Home Small Group Leaders Articles for Small Group Leaders 7 Traits of Healthy Small Group Ministries

7 Traits of Healthy Small Group Ministries

7 Traits of Healthy Small Group Ministries

Sometimes you can just look at something and tell that it’s healthy. Other times you’ve got to do some diagnostic poking around.

How can you tell if your small group ministry is healthy? There are a number of observable traits that indicate health.

7 Traits of Healthy Small Group Ministries

Healthy small groups ministries…

1. Have a growing total number of groups. There is an ebb and flow to all organisms and organizations. There are always things beginning and ending. It is the nature of nature. But healthy things grow and healthy small group ministries have a growing total number of groups. See also, Critical Decision: Add Members to Existing Groups vs Start New Groups.

2. Have a growing total number of members. Satisfied customers tell stories about how a product or service has changed their lives. The product of a healthy small group is changed lives. Changed lives are naturally appealing and attractive. Doesn’t it stand to reason that a healthy small group ministry will have a growing number of members?

3. Have an increasing percentage connected. Your percentage connected (number of adults in groups divided by the average number of adults in worship) is an important indicator to watch. If you believe that the optimal environment for life-change is a circle, your percentage connected is ultimately what determines whether you’re gaining ground or losing ground. For example, your average adult attendance in worship climbs by 10%, you might still be losing ground in terms of percentage connected even if you add 10 new groups and 100 more people in groups. See also, What Percentage of Your Adults are Actually Connected?

4. Have a decreasing average age of groups. If you are starting new groups (and sustaining the new groups you launch) on a regular basis, the average age of your groups (when did your group begin meeting?) should be decreasing. If the average age of your groups is increasing or remaining the same, it is an indication that you are not succeeding at launching enough new groups (and sometimes allowing zombie groups to die). See also, Can You Tell If Your Group Might be a Zombie?

5. Have more leaders in development than they have groups. Formal or informal, identified on an org chart or just known within every group, healthy small group ministries have more leaders in development than they currently have groups. Every healthy small group will have a kind of shared leadership. Whether formalized with an apprenticing strategy or purely an organic reality (every group with 7 or more members subgroups for discussion and prayer), there are always potential and additional leaders in the development pipeline. See also, The Best Training for Small Group Leaders.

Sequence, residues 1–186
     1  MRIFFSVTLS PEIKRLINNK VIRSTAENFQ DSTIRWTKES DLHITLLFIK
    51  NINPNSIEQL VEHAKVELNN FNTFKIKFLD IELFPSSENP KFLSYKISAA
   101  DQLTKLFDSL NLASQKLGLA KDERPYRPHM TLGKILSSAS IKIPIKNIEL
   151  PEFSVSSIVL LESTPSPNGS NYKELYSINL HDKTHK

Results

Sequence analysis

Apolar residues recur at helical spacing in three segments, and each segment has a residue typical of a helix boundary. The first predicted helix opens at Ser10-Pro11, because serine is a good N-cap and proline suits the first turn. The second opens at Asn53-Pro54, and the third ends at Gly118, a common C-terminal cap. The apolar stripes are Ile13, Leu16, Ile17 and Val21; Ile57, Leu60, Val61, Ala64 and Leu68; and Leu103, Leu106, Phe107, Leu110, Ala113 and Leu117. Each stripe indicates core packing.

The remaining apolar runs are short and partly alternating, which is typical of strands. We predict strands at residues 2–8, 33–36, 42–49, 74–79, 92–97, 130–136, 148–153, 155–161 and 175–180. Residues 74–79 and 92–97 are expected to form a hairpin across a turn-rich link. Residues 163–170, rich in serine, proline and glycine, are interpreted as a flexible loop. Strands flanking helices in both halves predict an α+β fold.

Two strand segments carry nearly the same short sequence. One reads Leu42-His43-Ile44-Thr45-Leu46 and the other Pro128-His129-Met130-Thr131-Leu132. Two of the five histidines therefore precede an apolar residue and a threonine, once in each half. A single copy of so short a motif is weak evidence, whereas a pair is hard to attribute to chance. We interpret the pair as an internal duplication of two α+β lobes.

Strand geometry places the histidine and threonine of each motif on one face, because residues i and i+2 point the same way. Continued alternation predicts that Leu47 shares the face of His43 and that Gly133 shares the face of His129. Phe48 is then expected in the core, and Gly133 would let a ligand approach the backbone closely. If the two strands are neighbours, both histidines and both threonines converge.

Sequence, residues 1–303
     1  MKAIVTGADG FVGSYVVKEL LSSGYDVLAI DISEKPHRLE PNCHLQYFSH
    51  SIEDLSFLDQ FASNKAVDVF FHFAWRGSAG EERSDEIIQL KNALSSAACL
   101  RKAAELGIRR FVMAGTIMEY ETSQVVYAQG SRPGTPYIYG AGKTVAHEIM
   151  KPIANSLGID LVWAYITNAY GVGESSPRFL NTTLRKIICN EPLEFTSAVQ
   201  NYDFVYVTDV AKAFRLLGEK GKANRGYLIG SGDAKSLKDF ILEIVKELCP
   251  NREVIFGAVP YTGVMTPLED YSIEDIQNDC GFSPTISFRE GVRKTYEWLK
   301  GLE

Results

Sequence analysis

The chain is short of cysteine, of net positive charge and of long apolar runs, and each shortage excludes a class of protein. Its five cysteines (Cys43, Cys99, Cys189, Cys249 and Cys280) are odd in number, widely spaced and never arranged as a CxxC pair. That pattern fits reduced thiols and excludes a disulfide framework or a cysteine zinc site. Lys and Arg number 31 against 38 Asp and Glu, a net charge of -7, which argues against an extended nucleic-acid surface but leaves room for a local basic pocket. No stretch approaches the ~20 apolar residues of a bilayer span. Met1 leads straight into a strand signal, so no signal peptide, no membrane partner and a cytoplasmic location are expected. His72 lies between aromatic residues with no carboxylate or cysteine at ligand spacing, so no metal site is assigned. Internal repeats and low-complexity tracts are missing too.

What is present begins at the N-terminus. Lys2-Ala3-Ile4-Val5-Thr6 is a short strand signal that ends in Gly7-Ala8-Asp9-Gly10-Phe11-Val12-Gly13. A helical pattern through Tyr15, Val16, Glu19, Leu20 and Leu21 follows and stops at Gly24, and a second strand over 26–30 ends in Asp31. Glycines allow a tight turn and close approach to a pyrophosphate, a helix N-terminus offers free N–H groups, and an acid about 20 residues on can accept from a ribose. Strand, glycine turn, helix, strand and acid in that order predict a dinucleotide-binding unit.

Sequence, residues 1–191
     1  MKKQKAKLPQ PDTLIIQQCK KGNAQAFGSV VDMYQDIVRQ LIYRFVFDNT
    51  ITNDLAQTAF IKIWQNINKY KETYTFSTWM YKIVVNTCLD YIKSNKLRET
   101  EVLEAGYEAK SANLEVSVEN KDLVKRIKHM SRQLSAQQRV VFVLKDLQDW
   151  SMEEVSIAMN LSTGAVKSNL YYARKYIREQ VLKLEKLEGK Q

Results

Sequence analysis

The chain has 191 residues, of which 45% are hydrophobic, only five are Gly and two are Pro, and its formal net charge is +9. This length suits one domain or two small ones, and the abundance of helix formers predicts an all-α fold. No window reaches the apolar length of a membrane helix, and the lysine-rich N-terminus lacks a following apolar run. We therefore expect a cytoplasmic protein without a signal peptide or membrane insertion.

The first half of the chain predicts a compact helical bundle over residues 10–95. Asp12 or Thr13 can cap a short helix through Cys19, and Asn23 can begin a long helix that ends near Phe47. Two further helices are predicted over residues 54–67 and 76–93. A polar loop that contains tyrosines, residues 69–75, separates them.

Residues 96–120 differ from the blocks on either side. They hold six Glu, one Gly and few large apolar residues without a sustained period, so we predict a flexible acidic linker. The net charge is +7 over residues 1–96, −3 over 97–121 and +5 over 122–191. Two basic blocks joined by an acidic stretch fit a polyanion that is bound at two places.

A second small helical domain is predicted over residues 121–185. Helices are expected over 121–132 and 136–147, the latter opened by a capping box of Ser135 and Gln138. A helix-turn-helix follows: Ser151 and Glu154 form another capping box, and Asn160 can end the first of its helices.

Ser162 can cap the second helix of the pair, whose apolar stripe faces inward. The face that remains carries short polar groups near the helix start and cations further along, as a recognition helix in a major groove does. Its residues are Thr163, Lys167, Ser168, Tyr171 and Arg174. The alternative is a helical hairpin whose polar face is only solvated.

6. Have appropriate spans of care. Everyone needs to be cared for by someone and no one can take care of more than (about) 10. Healthy small group ministries have structures in place that provide care for leaders (and leaders of leaders). The structures in place in healthy small group ministries provide appropriate spans of care, not requiring anyone (the small group pastor) to care for number beyond their capacity. See also, Life-Change at the Member Level.

7. Help members belong and become. Healthy small groups and small group ministries help members connect and grow. Unhealthy is either/or. Healthy is both. An important trait of healthy small group ministries is that it is easy to belong and an ordinary experience to become more and more like Jesus. See also, 5 Keys to Building Small Group Ministries at the Corner of “Belonging and Becoming”

What do you think?  Have a question?  Want to argue?  You can click here to jump into the conversation.  

This article originally appeared here.

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Mark Howell serves as Pastor of Communities at Canyon Ridge Christian Church in Las Vegas, NV. He founded SmallGroupResources.net, offering consulting and coaching services to help churches across North America launch, build and sustain healthy small group ministries. He spent four years on the consulting staff at Lifetogether and often contributes to ministry periodicals such as the Pastor's Ministry Toolbox and ChurchCentral.com.